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http://www.pdga.com/rule-changes-2011

 

Highlights: Wedged putts do NOT count if 'witnessed' to have wedged in cage from the outside.

 

TD- Optional Drop-Zone for lost discs.

 

Player can't use first shot when throwing a provisional, the provisional shot is the correct lie (as I read it, a bit confusing).

 

Obstacle to stance- can move a stick in your stance if part of it extends in front of your lie now.

 

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That could be but that's not how holing out in our sport originated. The sport started with hitting a target area on an object to hole out. The spirit of that concept is now better reflected with the rule update for 2011. The only reason for the basket invention in the beginning was to confirm that shots have hit the target in the case the shot wasn't seen. Of course, the flaw in that theory carrying forward as our sport evolved is that shots that are seen by the group to hit or go thru the chains should also count. That would be my argument that holing out still hasn't been fixed, not that low wedgies that stick or get thru now don't count.

The "wedgie" rule is pretty stupid what with the whole witnessing thing. Didn't witness it, it is good. Did witness it, it doesn't count. If a tree falls in the woods...

 

I have to agree with Jamie that maybe a lot of this is just not necessary. The sport has been doing just fine for a long time with the rules as they are. Maybe somebody is just bored in the winter time. Who really cares about wedgies anyway. Now I want to see a wedgie ace. Of course it has to be blind (so I won't see it). Never saw one that wedged from the inside. I think that they should have just made all wedgies legal or none of them. This halfway stuff is pure BS.

 

Festivus is for the rest of us! 

We have several rules in this self officiated sport that require paying attention. No biggie that players have to watch putts. We have to watch for mandos, foot faults, jump putting, where discs last go OB and watching to prevent lost discs. Paying attention to other players throws is part of the game.
That may be true but this rule will mean that some are good and some are not based merely on observation. That is what I don't like. Will they be required to now put cameras on all blind baskets during tournaments. And if it is observed by someone watching a live feed does that make it not count. Will spotters be required to be near the basket? It is all pretty lame and not really necessary for something that rarely happens (compared to all of the baskets that get counted the normal way).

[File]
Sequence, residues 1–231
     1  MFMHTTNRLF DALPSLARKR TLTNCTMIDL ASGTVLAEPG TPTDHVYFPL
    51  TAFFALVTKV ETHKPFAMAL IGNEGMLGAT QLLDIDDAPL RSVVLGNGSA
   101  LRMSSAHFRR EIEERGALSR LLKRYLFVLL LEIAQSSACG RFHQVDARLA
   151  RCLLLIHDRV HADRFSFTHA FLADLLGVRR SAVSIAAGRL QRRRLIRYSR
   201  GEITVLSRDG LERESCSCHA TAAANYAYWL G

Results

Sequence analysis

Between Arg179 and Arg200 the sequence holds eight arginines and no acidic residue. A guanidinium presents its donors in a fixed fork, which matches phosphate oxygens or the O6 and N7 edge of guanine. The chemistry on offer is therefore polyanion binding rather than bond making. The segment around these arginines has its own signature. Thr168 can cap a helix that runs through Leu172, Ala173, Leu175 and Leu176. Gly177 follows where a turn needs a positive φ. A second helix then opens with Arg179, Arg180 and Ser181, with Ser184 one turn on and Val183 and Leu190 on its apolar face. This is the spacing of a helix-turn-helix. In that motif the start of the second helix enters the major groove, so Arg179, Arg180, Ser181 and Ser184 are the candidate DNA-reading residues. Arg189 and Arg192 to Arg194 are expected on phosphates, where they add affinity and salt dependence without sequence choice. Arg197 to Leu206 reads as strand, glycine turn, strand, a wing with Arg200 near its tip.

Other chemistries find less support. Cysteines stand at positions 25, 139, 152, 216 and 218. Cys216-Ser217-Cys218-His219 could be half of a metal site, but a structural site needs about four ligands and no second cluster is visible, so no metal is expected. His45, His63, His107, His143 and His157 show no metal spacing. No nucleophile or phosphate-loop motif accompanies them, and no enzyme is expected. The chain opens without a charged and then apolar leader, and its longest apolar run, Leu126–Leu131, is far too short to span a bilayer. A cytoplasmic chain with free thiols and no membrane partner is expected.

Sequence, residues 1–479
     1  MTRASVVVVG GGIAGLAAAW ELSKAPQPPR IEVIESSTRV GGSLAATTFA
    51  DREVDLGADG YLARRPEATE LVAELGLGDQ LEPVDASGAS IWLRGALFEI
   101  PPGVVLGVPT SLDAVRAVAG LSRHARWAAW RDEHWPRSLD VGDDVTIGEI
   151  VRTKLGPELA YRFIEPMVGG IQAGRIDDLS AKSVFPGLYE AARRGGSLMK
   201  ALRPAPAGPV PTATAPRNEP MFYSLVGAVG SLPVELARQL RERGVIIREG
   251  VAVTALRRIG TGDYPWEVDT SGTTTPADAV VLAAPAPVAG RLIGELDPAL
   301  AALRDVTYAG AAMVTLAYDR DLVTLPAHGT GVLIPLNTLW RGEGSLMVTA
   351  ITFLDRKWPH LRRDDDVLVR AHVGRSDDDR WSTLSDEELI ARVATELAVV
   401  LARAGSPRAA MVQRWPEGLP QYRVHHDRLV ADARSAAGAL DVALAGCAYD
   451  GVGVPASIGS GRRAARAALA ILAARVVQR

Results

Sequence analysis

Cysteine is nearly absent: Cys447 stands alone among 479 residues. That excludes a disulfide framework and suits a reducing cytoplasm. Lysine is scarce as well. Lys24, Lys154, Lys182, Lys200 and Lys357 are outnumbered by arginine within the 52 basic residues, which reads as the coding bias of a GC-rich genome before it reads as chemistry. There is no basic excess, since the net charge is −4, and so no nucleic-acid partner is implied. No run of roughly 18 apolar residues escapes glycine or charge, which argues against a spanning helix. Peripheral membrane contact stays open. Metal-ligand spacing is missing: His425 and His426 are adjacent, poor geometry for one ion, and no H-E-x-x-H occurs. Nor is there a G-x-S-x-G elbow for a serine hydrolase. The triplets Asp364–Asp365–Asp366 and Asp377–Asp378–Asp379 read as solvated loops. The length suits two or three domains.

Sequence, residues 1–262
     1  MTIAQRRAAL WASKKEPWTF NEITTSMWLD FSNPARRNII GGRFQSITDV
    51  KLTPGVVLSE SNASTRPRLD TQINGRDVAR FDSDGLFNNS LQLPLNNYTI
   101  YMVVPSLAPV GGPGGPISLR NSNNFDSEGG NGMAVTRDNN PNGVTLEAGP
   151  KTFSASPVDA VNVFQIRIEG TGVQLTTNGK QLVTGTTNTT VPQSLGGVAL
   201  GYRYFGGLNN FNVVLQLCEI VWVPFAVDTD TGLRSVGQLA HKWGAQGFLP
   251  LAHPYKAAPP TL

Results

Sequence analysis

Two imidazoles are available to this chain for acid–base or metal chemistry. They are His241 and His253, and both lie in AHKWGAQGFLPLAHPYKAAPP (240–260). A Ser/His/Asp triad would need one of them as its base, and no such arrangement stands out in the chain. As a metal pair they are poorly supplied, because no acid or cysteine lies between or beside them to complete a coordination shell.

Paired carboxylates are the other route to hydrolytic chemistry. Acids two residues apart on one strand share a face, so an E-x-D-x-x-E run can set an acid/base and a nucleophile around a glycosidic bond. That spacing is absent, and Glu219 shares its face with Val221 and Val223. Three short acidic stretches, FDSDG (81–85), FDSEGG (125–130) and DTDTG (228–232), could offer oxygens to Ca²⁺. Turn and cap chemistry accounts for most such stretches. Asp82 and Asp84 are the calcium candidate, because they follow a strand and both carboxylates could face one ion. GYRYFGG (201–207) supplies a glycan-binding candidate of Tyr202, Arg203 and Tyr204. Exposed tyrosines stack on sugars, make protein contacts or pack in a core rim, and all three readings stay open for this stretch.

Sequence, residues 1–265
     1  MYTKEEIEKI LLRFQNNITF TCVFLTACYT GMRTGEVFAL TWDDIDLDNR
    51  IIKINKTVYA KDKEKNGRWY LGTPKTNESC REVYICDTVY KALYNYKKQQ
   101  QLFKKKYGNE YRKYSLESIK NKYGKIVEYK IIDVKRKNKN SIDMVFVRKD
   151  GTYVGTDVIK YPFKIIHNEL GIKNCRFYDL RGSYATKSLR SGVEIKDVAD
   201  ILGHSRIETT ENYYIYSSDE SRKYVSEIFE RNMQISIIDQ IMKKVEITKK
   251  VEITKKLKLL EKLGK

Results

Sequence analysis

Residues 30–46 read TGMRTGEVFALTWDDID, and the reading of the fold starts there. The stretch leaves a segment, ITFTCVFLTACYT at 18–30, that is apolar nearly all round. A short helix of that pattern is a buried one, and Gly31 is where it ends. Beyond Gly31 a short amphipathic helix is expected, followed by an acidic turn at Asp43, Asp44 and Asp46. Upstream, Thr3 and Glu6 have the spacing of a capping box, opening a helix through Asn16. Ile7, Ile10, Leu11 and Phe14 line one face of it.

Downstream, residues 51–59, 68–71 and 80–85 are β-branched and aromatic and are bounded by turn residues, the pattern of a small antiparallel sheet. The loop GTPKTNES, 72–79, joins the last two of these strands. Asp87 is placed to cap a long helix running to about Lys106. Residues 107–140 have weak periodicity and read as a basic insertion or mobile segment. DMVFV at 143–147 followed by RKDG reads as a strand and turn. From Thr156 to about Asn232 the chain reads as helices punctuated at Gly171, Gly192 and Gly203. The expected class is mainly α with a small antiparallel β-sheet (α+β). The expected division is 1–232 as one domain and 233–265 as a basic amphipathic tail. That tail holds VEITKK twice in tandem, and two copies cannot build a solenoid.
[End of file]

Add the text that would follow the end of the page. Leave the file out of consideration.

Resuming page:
And that's no different from any other rule I mentioned above. Some are seen and some are not. Benefit of the doubt to the player.

I think that the rules people are just bored and looking for something to do on this one.

 

Leave my wedgie alone. I earned that wedgie.

Be careful or the big boys on the RC might give you one when they see you... ;-)
It's a tough task to create a thorough sets of rules and regulations that apply to all conditions. Before everyone gets all in an uproar, remember another document that is still in flux and getting perfected as things evolve...The US Constitution.

Let's say the original intent of the target was to do the best job possible to catch any disc that comes near it. That wasn't the intent but let's say it was. Targets would have been designed with larger openings between the top lip of the basket and bottom of the chain support, that is if chains were even used. The top of the deflector whether chains or or other device would have been as open as possible for drop thrus and there might have been a rim around the top piece so it could also catch discs (currently known as DROTs). There might have been nubs and all kinds of other hooks or projections on the outside of the basket and chain support to occasionally catch even a few more shots. There might not have been a limit on the diameter of the target until some Tech Committee set one.

The point is that our current target designs are not very great "catchers" in comparison to what designs would have been possible if "catching" were the goal of target design developments. But it wasn't. So any claims that holing out should involve a disc simply being supported anywhere on the target don't make sense since it's not the goal of our target in the sport. The goal is for a disc to properly enter a target area AND be captured in that target area. Our targets can be designed to do a better job at that, but it doesn't mean our rules should wait until those better targets get built and installed.

I find the name calling and use of expletives unnecessary in this discussion.

Would you like a little cheese with that whine?

I'm not concerned about wedgies in that I use hard putters and never have them, so if my competitor often does, it's to my advantage. But seeing it is tough to comprehend really. Obviously if it's blind benefit of the doubt, who gets to call it? A player on another hole that saw it? Only players on your card? Does it have to be majority of the group that saw it stick in from outside to call it a miss, or just 1 person?
It's just like other rules, two in the group or an official. I believe a spotter can be deputized by the TD to make the call.

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